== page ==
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Andre Jute
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message 1: by Andre Jute (new)

Andre Jute (andrejute) | 4851 comments Mod
Kat Jordan says in another thread: "I believe that every PoV character should have a separate story-arc."

Perhaps someone will be as kind as to explain to me what a "story-arc" is so that I can decide whether it is an important tool or simply another name for a tool I already describe in Writing a Thriller.


message 2: by Coral (new)

Coral (coralm) Well, to me a story arc is the path the character travels to get from where she started to where she ends up. The idea being that no character should ever not learn from the story.

An interesting way to look at it is take any conflict situation and put your character in it. It can be something as simple as: "Joe goes to the grocery story and sees someone else pick up the last cantaloupe." How would Joe react to this situation on page 1? How would he react on page 400? Hopefully his reaction is different and how he got to the second place is his character arc.


message 3: by Andre Jute (last edited Jun 27, 2011 05:08PM) (new)

Andre Jute (andrejute) | 4851 comments Mod
Thanks, Coral.

Looks like one I already had, given a new, punchy name.

I once opened a lecture with the words, "A good way to start a novel is to take your character, ask him what his problem is, and in the first paragraph on the first page, let the reader too discover what his problem is." A wit from the back row called out, "Are you always in such a hurry, Andre?" There were about 300 (illegally) crammed into a lecture room for 80, and their laughter rocked the building. After that it couldn't fail to be one of the best lectures I ever gave. I ended with the words, "And on the last page the character solves his problem, grows up and joins the affluent middle classes. That's a novel. Don't get in the way of a black Maserati on the road to London. I'm in a hurry to relieve my publisher of money he might otherwise spend unwisely."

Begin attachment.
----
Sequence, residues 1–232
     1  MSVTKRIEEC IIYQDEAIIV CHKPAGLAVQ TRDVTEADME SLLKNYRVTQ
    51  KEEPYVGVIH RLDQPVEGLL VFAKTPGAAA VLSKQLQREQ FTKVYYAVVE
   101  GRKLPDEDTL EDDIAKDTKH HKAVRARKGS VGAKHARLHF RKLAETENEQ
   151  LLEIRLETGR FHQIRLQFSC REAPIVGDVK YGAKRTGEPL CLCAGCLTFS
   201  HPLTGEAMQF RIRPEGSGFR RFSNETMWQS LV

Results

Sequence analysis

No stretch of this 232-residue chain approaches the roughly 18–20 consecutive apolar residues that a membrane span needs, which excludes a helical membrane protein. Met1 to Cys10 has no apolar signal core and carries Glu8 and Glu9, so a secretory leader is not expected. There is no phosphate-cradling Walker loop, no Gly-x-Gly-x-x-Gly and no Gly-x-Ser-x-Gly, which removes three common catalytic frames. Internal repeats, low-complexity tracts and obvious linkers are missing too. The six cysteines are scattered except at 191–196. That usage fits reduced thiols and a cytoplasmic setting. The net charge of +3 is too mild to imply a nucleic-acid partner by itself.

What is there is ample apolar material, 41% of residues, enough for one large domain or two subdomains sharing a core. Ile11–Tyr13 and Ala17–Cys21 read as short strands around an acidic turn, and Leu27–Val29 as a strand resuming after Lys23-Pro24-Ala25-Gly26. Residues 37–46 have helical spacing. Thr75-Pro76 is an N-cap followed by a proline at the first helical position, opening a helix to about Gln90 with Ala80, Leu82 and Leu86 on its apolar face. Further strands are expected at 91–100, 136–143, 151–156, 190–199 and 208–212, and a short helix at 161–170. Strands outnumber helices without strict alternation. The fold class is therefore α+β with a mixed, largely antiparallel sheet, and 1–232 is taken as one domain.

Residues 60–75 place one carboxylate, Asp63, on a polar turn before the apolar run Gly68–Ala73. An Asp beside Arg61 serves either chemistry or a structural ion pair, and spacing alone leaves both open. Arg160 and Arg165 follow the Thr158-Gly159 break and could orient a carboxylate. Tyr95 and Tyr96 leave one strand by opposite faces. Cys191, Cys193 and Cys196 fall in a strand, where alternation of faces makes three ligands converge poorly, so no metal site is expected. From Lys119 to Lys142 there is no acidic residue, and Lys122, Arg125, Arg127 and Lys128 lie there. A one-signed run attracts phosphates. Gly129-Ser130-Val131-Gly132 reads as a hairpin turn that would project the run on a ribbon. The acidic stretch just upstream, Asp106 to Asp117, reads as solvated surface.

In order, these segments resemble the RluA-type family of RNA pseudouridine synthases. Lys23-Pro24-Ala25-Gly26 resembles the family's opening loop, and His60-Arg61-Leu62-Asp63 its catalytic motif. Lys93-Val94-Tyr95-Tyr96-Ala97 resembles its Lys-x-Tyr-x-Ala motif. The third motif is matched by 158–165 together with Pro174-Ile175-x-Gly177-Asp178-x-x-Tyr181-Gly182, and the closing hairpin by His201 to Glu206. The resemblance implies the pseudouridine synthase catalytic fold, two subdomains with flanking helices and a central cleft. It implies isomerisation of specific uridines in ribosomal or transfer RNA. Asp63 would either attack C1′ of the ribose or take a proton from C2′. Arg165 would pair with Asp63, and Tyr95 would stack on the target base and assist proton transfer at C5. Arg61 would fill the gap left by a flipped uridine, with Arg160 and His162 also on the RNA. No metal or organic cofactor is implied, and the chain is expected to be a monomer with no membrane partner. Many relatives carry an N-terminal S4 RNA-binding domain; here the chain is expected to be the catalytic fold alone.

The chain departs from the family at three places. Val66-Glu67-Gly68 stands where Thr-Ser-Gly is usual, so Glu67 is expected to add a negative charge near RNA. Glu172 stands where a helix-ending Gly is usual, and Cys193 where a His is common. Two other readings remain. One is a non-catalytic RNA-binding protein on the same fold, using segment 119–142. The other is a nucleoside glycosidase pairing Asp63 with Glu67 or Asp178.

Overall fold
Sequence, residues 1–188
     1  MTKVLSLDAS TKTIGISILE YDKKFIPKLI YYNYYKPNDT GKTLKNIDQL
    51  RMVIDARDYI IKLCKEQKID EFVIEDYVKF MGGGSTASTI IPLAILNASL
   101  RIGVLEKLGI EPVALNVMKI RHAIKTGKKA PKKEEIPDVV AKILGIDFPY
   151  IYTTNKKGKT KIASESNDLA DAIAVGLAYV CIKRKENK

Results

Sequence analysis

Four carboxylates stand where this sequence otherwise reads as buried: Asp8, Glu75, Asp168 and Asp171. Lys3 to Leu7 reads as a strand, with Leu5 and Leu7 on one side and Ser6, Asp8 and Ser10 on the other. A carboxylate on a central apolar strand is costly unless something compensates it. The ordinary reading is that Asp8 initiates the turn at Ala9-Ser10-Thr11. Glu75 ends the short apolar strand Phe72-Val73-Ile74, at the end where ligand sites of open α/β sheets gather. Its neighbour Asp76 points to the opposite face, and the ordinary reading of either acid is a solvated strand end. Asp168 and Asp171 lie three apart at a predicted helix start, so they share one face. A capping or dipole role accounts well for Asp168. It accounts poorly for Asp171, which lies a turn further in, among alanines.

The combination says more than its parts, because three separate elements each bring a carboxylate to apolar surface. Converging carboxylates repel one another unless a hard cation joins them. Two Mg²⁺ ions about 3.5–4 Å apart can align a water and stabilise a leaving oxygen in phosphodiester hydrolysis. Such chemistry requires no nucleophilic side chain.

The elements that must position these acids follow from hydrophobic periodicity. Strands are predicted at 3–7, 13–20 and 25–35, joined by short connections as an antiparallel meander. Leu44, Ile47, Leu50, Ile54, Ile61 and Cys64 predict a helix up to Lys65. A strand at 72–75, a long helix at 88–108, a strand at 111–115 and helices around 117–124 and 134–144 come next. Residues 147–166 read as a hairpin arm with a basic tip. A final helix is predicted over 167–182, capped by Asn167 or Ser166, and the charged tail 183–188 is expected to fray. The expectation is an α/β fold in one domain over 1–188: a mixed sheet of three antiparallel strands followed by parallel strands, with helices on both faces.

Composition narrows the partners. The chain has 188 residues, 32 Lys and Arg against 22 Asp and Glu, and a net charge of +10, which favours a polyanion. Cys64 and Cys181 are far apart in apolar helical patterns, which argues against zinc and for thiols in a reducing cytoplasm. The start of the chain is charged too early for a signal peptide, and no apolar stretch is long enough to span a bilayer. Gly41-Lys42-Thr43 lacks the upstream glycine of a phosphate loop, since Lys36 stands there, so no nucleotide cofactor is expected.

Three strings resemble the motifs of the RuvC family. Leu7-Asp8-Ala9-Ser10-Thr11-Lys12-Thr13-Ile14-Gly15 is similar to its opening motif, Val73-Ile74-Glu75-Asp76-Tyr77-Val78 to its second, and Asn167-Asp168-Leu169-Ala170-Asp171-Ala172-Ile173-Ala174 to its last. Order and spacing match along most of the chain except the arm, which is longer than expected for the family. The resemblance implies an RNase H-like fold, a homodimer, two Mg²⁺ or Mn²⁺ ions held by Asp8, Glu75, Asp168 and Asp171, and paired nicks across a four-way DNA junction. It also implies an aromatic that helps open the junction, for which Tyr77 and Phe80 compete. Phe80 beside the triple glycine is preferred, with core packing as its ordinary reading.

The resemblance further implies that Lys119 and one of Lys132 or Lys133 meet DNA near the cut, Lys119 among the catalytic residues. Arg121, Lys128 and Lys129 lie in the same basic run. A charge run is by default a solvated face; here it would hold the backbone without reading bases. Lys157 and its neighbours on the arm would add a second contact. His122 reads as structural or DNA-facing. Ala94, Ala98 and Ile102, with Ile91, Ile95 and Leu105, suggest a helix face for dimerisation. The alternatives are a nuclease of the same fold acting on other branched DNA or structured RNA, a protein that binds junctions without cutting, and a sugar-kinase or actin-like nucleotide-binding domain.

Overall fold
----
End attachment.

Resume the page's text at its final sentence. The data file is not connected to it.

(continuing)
message 4: by Patricia (new)

Patricia (patriciasierra) | 2388 comments I read somewhere that to be good, a book must set forth a conflict -- if not in the first sentence, which is best -- at least within the first paragraph, and it better not be a long paragraph. That sounded like a crazy "rule" to me, so I went to my bookshelves and pulled down one book after another checking to see if a conflict appeared that early in the volumes. The answer? Yep.

Rather than asking a character at the outset what his problem is, I'd be more inclined to ask myself what that character wants. The problem and the desire are often different, and I believe it is desire that drives a character. The problem and its resolution = the plot.


message 5: by K.A. (new)